(Bloomberg) — Oil was virtually unchanged as a stronger dollar weighed broadly across commodities, while traders assessed rising fuel stockpiles in the U.S.
Futures in New York lost two cents on Thursday, but still remain on track for a second straight weekly gain. U.S. government data showed domestic gasoline supplies rising by the most since early April, while distillate inventories climbed by nearly 4 million barrels. That’s offsetting back-to-back weekly declines in crude inventories.
The pause follows a fierce run-up at the start of the week, which has seen both crude benchmarks set fresh multi-year highs. The dollar surged by the most in three weeks on Thursday, making commodities priced in the currency less attractive. A spate of strong U.S. economic data has ratcheted up wagers the Federal Reserve may need to move faster on tapering its stimulus operations.
“To have a draw that big on the crude oil side is really constructive for overall crude markets,” said Brian Kessens, a portfolio manager at Tortoise, a firm that manages roughly $8 billion in energy-related assets. However, the refined products build was disappointing and may be due to an increase in refinery utilization ahead of the summer driving season, he said.
Still, optimism is growing around the demand rebound from the U.S. to the U.K. and parts of Asia. As forecasts of a tighter market abound, Saudi Arabia hiked its official selling prices to Asia by more than expected. Even so, the nation’s energy minister reiterated that evidence of higher demand will have to come before supply increases.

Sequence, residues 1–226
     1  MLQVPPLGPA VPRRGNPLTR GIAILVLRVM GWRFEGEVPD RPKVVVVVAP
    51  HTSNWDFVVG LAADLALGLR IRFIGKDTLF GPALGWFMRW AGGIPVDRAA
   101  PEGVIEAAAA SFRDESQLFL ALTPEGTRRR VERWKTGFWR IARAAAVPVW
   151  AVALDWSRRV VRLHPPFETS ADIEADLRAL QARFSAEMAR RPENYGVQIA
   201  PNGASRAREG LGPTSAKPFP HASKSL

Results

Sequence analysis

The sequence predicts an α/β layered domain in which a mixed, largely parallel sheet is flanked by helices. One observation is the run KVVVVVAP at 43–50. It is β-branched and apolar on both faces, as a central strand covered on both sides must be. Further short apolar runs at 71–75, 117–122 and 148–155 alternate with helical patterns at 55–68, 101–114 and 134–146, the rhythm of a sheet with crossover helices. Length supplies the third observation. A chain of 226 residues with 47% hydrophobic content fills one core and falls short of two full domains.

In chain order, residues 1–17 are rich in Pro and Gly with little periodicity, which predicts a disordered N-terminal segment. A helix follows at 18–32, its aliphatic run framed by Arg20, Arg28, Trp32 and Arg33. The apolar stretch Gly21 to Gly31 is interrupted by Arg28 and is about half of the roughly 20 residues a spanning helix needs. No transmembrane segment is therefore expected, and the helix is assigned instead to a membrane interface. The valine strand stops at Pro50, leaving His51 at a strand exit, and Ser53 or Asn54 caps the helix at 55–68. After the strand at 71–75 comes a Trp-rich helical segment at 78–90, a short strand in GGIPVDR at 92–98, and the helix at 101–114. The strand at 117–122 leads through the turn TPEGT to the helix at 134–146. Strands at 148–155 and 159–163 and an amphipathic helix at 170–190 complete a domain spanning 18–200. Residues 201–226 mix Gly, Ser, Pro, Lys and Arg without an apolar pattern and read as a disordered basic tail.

For demand, “there’s been a quick response to people getting vaccinated and lockdown restrictions coming off,” said Peter McNally, global head for industrials, materials and energy at Third Bridge. “There’s plenty of upside in gasoline consumption, and jet fuel demand is coming back. Even if international travel is slower to return, that’s not going to derail” the recovery.
- West Texas Intermediate for July delivery edged down 2 cents to settle at $68.81 a barrel
- Brent for August settlement lost 4 cents to end the session at $71.31 a barrel
Early signs that the U.S. is experiencing an uptick in demand heading into the summer are starting to be confirmed by U.S. government data. The four-week rolling average of gasoline supplied — which is used as a proxy of demand for the fuel — gained for a third week in a row at its highest since March 2020, Energy Information Administration data showed. The same gauge for jet fuel demand is also on its third consecutive week of gaining.
“Even ahead of the Memorial Day holiday weekend, U.S. gasoline demand was posting strong numbers,” JPMorgan Chase & Co. analysts including Natasha Kaneva said in a report. Meanwhile, “global mobility continues to recover with Europe surging ahead and India finally turning a corner.”
Despite crude’s rally, holdings of ICE Brent futures contracts have fallen sharply in recent weeks. Total open interest on the global benchmark is near its lowest since December, and was overtaken by Nymex WTI for the first time since 2018 in recent days.
Meanwhile, even with signs a resolution to Iran nuclear talks may still be months away, the market continues to watch for developments that could lift sanctions on the Persian Gulf country’s crude exports. Returning Iranian output has “big” potential to turn a supply deficit in the market into a surplus, Leonid Fedun, vice president for strategic development at Russia’s Lukoil PJSC, said at a forum.
–With assistance from Alex Longley.
© 2021 Bloomberg L.P.